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Caregivers who provide companionship services to disabled patients living in the caregiver's home are not entitled to overtime pay, the Eighth Circuit ruled on Tuesday. The case arose after workers for United Cerebral Palsy of Central Arkansas sued, arguing that keeping patients in the workers' homes "requires additional worktime that should be compensated as overtime."
The Eighth Circuit disagreed, finding that such work constituted providing companionship services in a "private home" and was thus exempt from overtime pay under the Fair Labor Standards Act.
Instead of having caregivers come to patients, or serving patients in a group home setting, United Cerebral Palsy takes an alternative approach: patients move in with their caregivers. And while caregivers are UCP employees, UCP claims it has little control over the living arrangement. It does not set rent, it does not control how long a client can stay in a home, and it does not even mandate that employees and clients live together.
Instead, all those details are arranged independently between employee and client, "a relationship over which UPC has exerted no control," according to the Eighth Circuit. UCP pays those employees a flat daily rate for their care.
In March of 2012, Lisa Fezard, a UPC employee, told the company that she had filed a complaint with the Department of Labor claiming that UCP was violating the FLSA by not paying overtime. Fezard hadn't actually filed a complaint, but UCP fired her nonetheless. Fezard sued.
The Fair Labor Standards Act generally requires overtime pay for employees who work more than 40 hours a week. One of the many exceptions to that rule, however, is the "domestic service employment" exception. Under the FLSA, domestic service employees who provide "companionship services for individuals who (because of age or infirmity) are unable to care for themselves" are not entitled to overtime pay. Department of Labor regulations further defined, in 2012, domestic service employment as "services of a household nature" performed "in or about a private home."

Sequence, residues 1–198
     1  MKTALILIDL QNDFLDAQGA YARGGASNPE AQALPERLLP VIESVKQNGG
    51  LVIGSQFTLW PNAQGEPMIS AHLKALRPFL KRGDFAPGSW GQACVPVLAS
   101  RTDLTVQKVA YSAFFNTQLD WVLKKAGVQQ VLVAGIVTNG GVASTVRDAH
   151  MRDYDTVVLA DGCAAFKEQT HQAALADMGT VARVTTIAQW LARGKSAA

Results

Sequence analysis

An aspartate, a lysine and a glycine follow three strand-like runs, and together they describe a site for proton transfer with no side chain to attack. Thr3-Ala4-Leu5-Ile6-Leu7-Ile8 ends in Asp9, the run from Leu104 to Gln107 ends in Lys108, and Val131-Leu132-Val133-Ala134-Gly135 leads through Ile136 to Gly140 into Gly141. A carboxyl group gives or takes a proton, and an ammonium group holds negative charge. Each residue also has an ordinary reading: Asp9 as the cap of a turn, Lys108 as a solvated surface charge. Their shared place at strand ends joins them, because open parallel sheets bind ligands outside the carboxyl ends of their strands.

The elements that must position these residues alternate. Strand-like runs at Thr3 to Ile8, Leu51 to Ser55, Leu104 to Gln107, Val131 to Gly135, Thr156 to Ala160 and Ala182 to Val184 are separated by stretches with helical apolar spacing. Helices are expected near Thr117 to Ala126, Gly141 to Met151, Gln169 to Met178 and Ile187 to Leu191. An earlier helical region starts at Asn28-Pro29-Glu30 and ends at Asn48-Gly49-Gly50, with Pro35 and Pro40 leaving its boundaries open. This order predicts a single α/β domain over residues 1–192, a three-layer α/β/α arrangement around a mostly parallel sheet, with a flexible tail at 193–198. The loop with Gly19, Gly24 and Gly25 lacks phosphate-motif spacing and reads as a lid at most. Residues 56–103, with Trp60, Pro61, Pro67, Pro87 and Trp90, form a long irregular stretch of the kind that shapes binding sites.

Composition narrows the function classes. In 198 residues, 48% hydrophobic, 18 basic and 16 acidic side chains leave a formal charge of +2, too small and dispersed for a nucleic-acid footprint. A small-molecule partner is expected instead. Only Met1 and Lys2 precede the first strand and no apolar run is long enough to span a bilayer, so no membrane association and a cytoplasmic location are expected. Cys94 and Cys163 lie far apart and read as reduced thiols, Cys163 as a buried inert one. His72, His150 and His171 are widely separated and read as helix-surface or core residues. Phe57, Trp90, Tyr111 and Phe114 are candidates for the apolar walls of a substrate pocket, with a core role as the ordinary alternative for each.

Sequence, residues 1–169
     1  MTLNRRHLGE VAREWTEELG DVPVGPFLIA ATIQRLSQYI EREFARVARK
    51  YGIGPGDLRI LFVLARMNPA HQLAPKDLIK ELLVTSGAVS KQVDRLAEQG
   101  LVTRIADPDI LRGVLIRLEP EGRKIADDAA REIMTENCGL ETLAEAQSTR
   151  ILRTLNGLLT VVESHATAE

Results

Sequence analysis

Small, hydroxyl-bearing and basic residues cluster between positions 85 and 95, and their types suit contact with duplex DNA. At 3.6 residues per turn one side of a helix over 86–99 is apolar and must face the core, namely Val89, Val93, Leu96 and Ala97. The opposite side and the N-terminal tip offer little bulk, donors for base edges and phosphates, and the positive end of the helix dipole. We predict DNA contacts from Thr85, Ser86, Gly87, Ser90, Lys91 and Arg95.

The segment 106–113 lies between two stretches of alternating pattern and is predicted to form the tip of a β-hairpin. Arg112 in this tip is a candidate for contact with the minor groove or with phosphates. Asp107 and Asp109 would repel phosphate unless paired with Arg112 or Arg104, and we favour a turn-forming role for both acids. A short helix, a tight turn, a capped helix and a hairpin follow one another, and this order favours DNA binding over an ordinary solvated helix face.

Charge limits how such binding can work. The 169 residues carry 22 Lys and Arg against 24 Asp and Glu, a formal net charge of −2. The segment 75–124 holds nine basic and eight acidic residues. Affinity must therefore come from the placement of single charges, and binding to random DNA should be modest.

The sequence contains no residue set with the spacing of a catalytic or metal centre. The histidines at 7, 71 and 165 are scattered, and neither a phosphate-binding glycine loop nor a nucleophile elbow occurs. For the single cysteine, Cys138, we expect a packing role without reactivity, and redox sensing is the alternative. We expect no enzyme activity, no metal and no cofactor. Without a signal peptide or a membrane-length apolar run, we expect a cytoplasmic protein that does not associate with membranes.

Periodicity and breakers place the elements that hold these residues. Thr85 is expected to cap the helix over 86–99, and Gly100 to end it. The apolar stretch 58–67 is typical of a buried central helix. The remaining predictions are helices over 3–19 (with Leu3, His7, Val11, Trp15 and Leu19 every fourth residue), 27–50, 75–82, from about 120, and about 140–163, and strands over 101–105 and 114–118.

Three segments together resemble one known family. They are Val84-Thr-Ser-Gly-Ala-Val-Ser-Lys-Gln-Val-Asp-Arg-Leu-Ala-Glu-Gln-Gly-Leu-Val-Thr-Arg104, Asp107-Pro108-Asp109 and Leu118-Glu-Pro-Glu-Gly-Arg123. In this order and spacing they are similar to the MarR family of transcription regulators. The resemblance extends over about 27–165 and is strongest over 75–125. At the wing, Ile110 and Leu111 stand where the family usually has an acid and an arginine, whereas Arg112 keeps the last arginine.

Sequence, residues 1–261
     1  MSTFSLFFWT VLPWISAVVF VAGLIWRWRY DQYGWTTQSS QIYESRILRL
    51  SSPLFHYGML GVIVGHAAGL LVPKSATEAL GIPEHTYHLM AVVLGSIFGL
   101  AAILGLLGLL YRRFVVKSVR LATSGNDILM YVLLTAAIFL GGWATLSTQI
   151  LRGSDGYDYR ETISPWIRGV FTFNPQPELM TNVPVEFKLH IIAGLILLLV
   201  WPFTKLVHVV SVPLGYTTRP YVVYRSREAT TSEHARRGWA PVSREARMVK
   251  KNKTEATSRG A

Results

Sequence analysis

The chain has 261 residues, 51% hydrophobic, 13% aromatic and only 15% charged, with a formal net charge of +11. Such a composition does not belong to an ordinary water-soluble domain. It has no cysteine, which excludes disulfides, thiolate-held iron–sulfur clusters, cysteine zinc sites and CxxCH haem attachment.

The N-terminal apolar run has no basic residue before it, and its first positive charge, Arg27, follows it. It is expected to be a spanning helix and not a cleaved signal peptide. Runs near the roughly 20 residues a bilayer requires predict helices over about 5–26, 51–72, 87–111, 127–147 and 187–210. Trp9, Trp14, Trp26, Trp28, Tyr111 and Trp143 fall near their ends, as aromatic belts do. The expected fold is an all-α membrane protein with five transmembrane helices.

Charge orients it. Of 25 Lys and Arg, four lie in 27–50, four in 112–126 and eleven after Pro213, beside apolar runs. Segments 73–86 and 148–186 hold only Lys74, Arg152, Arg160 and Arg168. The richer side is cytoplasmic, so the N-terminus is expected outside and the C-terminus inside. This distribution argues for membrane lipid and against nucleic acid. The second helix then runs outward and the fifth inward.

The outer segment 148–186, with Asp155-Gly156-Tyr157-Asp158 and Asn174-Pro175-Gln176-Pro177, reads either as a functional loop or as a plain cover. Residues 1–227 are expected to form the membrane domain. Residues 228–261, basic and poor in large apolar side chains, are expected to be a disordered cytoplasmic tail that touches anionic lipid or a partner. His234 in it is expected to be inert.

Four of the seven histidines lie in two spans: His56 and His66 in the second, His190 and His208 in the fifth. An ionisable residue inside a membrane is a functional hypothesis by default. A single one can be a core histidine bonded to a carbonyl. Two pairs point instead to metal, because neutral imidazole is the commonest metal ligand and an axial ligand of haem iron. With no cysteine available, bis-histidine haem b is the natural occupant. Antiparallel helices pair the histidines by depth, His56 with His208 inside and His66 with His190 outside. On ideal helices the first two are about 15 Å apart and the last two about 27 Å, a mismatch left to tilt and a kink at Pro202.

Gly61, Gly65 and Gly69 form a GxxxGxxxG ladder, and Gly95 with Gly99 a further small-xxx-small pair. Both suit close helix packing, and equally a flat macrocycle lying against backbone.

Since the Eighth Circuit had never interpreted "private home" for purposes of the FLSA before, the district court looked to the Tenth Circuit. Applying the factors laid out in the Tenth's Welding v. Bois Corp decision, the court found that Fezard worked in a private home. UCP lacked control over the living arraignment, the court found, and was not responsible for the hours worked.
On appeal, the Eighth Circuit approved of the district court's determination, but noted that the Welding factors "fall short because of factual distinctions present here." Welding examines six factors, from who owns the living unit, to whether the client could live in the unit if not contracting services. Other cases add additional considerations, including public funding, the number of residents, and who has access to a home.
Here, however, the dwelling units "involve an employee acting as an independent third party," the Eighth noted, differentiating them from previous caselaw. Instead of a host of factors, the fundamental question is simple: does the employer own or control the home?
In the case of UCP, the employees controlled the home, the Eighth found, making it a "private residence" under the FLSA. Not only did UCP employees use their own homes, with little UCP involvement, but many of them also treated clients as tenants, charging them rent in addition to the daily UCP payments.
The ruling, though, may be of limited impact. A year after Fezard's dispute, the Department of Labor began revising its home care worker exceptions policy, expanding FLSA minimum wage and overtime protections to millions of home care workers.
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